|Rescuing the Declaration of Independence : how we almost lost the words that built America|
Author: Redding, Anna Crowley
A riveting true story about the lowly clerk who saved our country's most cherished documents from being destroyed by the British army.
|Accelerated Reader Information:|
Interest Level: LG
Reading Level: 5.20
Points: .5 Quiz: 510813
Kirkus Reviews (01/15/20)
School Library Journal (02/01/20)
Full Text Reviews:
School Library Journal - 02/01/2020 Gr 1–5—Stephen Pleasonton, a relatively unknown hero of the War of 1812, saved the physical copies of the Declaration of Independence, Articles of Confederation, and the U.S. Constitution from destruction when the British attacked Washington, DC, in 1814. When Secretary of State James Monroe spied the British making preparations to invade the Capitol, he sent a note to President James Madison, and Monroe's office clerk, Pleasonton. The clerk immediately sprang into action and gathered the fledgling country's most valuable documents. He recruited fellow Americans to aid in his mission, even as Secretary of War John Armstrong scoffed at the idea of the British invading Washington which, at the time, was a swamp. Pleasonton's bravery and persistence allowed many important national documents to survive. The narrative propels readers forward and is complimented by Fotheringham's playful, digitally rendered illustrations. An author's note, information about the rescued documents, a time line, and a bibliography are included. VERDICT Although the story would have benefited from additional background information about the War of 1812, this picture book is a unique tale of heroism by an ordinary and relatively unknown clerk. A welcome addition to history shelves.—Jennifer Knight, North Olympic Library System, Port Angeles, WA - Copyright 2020 Publishers Weekly, Library Journal and/or School Library Journal used with permission.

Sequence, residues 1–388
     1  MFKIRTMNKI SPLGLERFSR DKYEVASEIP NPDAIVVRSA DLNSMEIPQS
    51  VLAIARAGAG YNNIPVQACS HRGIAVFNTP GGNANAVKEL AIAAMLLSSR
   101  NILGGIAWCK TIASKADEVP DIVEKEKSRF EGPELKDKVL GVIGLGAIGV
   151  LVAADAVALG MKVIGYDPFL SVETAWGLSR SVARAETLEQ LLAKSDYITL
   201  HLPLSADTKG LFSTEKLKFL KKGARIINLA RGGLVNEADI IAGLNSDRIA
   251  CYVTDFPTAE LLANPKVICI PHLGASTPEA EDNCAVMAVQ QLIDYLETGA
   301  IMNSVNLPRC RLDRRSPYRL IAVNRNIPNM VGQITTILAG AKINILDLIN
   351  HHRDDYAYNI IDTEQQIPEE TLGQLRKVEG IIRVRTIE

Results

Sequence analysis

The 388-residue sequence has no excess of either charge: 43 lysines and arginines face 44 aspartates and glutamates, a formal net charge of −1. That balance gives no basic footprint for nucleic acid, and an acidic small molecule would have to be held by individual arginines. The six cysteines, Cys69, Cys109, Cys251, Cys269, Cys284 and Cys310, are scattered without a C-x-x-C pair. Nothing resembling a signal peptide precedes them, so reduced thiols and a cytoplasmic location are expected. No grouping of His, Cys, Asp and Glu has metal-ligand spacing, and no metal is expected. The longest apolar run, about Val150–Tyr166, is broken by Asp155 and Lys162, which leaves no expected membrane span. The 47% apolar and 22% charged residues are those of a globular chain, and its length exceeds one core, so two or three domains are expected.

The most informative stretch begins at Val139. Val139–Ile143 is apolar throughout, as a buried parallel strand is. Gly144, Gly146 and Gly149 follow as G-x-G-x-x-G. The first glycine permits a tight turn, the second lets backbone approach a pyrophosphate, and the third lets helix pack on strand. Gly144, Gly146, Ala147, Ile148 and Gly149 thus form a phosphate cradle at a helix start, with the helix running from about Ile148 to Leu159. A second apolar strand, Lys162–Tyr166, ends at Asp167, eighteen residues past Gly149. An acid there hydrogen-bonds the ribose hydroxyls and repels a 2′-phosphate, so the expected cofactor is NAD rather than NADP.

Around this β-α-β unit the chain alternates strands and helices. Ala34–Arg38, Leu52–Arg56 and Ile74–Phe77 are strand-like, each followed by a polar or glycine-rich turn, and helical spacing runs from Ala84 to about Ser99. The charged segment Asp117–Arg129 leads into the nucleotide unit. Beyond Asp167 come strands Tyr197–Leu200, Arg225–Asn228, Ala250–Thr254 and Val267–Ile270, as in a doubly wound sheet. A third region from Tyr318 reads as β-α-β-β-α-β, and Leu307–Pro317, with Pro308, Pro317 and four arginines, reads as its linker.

Booklist - 03/01/2020 Why were British ships sailing along the east coast of America in 1814? When Secretary of State James Monroe spied thousands of redcoats disembarking in Maryland, he knew that an attack on Washington was imminent. Monroe sent a message to President Madison and another to his clerk, Stephen Pleasonton, telling him to move the young nation’s founding documents to a safe place. And Pleasonton did, though he almost forgot the original Declaration of Independence, which was hanging on the wall. Even when a powerful general scoffed at him, he persisted and, with help from “everyday Americans,” moved the documents to safety before the British seized Washington. The picture book's back matter includes an author’s note, a time line for the story’s events, and facts about the Declaration of Independence, the Articles of Confederation, and the U.S. Constitution, as well as information on visiting the National Archives and viewing its documents online. The colorful digital artwork captures the story’s period setting and its drama, while maintaining a light tone overall. A little-known, intriguing tale concerning America’s most-treasured documents. - Copyright 2020 Booklist.